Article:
These older gamers often became involved because of their kids or their grandchildren and then just become really excited about the game. They tended to play more often, and they tended to level faster while accomplishing more within the game. 

Every Player Has a Different Experience

What’s important to understand is that, unlike most other forms of media, the medium of games is incredibly mutable and changeable.

For example, when you go to see a movie, it doesn’t matter if you’re going to see a horror movie, a Pixar movie or a science fiction movie; the demands on you as an audience member are basically the same. You’re just sitting there and someone’s telling you a story on the screen. 

But with video games, the demands placed on the player change completely depending on the type of game — puzzle games, really complex storytelling games, role-playing games and first person shooters. 

There are games like Civilization, which is a massive simulation game where you start at the dawn of time and you carefully grow civilization. This is very different from a first-person shooter or a game such as The Sims. Civilization emphasizes contemplative strategy in a way that is similar to chess, twitch-based shooter games are all about fast reflexes and games like The Sims are focused on role-playing and simulation.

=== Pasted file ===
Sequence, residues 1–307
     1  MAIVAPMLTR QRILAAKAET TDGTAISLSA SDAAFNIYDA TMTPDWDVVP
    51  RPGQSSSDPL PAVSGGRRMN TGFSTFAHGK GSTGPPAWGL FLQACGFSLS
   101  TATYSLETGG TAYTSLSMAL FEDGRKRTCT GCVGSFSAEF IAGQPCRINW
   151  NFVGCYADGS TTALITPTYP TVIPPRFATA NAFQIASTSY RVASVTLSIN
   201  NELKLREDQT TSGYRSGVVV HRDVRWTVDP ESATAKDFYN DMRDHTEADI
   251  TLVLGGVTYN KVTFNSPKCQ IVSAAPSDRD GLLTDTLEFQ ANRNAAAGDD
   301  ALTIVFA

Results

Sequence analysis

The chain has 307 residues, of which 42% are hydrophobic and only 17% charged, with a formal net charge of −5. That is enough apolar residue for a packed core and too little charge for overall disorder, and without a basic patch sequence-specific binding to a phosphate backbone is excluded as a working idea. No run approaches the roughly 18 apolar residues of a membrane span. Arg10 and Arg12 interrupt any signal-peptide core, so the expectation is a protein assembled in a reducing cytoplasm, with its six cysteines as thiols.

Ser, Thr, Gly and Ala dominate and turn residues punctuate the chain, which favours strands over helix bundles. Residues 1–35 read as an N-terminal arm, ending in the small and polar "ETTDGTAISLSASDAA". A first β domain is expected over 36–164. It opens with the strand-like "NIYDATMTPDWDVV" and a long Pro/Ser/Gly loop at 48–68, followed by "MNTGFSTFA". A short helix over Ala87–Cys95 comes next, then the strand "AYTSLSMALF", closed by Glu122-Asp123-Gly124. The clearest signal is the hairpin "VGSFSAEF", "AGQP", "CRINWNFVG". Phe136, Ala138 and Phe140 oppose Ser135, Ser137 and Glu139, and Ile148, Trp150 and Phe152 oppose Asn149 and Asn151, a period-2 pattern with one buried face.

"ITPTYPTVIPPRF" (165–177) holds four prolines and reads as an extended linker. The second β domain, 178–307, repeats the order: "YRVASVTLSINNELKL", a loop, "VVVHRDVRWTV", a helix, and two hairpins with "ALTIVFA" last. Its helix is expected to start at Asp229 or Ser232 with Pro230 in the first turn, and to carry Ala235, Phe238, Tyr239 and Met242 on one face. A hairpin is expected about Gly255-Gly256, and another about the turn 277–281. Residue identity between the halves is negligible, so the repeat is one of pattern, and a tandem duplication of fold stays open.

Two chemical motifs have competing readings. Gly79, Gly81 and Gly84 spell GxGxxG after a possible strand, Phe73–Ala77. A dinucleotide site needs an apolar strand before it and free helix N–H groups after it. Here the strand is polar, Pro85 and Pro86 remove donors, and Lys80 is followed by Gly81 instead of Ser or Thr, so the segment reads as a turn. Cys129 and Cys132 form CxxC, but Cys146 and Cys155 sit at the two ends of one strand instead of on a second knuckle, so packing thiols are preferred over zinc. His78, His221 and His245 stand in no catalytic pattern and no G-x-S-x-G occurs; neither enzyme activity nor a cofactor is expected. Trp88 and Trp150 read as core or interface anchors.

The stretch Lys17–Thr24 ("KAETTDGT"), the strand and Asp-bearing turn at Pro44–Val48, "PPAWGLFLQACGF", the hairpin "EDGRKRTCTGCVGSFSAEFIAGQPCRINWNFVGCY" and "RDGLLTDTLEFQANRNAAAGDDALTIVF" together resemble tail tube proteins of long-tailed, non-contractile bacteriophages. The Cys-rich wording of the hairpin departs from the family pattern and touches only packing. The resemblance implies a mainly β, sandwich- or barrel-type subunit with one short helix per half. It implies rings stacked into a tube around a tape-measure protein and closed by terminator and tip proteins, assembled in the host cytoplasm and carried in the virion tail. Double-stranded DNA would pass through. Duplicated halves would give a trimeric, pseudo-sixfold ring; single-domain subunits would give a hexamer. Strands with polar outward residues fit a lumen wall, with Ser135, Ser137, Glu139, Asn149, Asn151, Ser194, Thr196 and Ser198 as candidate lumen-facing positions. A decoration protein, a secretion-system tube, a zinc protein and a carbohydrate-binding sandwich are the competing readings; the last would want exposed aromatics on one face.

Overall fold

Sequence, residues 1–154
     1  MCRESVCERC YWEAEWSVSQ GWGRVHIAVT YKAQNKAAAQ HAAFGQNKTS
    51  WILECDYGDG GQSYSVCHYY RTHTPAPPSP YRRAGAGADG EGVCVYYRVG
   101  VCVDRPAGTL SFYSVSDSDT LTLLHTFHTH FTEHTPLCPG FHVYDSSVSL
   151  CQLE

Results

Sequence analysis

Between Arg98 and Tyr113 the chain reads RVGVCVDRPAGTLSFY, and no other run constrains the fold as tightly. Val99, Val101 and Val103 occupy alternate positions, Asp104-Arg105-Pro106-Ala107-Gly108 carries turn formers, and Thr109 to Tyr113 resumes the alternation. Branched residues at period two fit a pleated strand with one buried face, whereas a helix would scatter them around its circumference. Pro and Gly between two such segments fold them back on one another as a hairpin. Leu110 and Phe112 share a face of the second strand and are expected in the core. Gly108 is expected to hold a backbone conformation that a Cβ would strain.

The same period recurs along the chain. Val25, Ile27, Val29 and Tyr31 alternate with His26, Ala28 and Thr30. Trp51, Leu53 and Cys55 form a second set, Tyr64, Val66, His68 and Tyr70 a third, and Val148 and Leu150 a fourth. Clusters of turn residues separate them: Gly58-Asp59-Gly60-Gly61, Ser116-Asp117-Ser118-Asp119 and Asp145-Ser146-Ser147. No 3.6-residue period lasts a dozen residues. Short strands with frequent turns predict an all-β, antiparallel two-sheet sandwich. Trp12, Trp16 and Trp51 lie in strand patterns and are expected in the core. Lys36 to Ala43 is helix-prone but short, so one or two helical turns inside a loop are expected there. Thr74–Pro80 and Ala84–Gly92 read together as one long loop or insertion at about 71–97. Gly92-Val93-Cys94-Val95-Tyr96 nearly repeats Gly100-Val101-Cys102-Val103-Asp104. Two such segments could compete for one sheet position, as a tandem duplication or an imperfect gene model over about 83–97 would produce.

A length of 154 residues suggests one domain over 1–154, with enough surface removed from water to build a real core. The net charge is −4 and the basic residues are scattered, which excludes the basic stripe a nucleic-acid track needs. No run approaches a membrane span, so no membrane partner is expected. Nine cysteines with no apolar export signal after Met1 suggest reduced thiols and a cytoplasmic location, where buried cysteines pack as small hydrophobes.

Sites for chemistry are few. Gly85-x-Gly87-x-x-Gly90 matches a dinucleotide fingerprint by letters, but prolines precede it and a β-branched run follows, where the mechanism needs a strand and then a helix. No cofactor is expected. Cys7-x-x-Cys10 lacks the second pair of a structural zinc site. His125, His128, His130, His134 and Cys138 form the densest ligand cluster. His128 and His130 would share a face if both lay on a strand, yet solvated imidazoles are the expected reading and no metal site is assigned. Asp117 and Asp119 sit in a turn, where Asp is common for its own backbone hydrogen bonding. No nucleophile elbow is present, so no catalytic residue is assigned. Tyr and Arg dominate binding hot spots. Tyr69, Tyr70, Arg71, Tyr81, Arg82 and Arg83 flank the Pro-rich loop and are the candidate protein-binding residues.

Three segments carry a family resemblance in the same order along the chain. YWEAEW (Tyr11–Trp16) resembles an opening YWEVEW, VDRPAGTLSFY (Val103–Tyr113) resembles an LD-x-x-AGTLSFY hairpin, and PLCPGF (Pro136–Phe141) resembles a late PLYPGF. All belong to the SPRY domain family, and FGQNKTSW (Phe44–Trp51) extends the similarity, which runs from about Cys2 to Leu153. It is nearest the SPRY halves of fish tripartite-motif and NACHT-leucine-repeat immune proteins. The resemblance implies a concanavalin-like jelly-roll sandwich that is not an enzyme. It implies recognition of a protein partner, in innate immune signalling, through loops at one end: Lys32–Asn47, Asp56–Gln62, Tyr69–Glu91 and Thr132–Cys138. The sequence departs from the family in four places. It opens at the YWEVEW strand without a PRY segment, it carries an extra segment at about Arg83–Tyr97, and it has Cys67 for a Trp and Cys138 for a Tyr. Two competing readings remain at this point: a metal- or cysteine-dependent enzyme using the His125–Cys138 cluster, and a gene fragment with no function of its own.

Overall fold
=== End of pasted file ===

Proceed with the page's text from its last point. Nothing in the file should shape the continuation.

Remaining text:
Because different game genres are so unique, they place varying demands on the audience and appeal to a range of possible motivations. This is one reason that it is difficult to say, “Well, women gamers tend to do X, and male gamers tend to do Y”. Gaming encompasses so many possibilities. 

Aaron Delwiche

Professor of Communication at Trinity University @aarondelwiche

Aaron Delwiche is a professor in the Department of Communication at Trinity University in San Antonio, Texas. He teaches courses on topics such as virtual world development, transmedia storytelling and mobile gaming.